Reid Faces Task Of Mending Fences With Republicans After Campaign Attacks

Senate Majority Leader Harry Reid (D-Nev.) infuriated Republicans during the campaign with his harsh partisan attacks and now faces the delicate task of mending his relationship with the GOP.

Some Republicans say Reid poisoned his relationship with their party by waging controversial attacks against GOP presidential nominee Mitt Romney. They were most angered by Reid’s charge that Romney had not paid taxes in ten years, attributing the information to an anonymous source.

Reid said Romney, a fellow Mormon, “sullied” their shared faith after the GOP nominee told a group of donors that 47 percent of Americans suffered from a sense of victimhood and mooched off the government. Reid declared in the closing days of the campaign that Senate Democrats would not work with Romney to pass his “severely conservative” agenda.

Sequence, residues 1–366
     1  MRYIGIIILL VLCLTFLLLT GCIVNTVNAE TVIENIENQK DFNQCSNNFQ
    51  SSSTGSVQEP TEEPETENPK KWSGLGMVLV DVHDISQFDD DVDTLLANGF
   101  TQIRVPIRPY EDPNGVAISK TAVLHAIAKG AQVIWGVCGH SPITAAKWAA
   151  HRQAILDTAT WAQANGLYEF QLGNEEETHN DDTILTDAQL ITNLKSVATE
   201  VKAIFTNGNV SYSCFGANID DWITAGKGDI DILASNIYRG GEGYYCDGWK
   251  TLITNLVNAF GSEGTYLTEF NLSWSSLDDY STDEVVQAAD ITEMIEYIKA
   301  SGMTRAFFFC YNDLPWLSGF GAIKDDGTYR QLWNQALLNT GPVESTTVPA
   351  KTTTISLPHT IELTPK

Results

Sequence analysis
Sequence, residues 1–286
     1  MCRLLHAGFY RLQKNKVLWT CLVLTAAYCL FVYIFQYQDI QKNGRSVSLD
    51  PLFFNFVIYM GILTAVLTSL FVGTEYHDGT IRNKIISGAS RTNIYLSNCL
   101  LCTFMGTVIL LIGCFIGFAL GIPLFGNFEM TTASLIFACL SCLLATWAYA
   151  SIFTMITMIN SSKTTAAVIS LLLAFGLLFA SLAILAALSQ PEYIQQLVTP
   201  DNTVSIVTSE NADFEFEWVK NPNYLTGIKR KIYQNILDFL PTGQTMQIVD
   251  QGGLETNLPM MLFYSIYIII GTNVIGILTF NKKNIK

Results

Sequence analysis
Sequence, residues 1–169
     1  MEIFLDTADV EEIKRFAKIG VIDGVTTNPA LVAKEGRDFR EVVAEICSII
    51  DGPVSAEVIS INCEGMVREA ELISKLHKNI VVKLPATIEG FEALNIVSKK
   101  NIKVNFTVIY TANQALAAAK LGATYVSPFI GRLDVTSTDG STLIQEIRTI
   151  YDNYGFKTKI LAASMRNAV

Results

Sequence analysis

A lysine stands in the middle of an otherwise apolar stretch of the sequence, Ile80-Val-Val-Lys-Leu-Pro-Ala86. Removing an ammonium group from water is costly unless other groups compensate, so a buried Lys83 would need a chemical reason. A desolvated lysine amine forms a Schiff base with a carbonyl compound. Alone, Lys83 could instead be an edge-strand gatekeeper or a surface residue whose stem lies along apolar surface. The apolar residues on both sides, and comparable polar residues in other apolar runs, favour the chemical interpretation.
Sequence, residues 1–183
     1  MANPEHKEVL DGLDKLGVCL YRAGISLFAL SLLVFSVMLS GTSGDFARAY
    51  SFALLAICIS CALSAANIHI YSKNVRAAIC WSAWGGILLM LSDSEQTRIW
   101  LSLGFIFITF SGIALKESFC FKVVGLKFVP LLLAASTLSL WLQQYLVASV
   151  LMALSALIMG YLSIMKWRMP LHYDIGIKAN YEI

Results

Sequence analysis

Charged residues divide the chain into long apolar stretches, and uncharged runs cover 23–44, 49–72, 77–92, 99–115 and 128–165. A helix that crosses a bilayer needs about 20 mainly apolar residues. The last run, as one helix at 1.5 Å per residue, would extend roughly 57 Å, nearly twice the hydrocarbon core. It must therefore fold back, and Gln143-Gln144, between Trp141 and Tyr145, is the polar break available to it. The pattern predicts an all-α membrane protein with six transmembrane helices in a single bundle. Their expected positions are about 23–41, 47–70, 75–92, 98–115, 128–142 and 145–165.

One GOP strategist said the pressure to get a deficit-reduction deal is too high to let bitter feelings left over from the campaign get in the way. Memories of Reid’s harsh attacks could complicate progress on other issues.

“When there’s less pressure to get a deal done, some of the stuff he pulled on the campaign trail against Romney could come back to haunt him,” said Republican strategist Ford O’Connell. “Somewhere down the line Republicans may pick a time to get even with Harry Reid because he went off the reservation on some of that stuff. In politics, what goes around comes around.”

Read more from Alexander Bolton at The Hill

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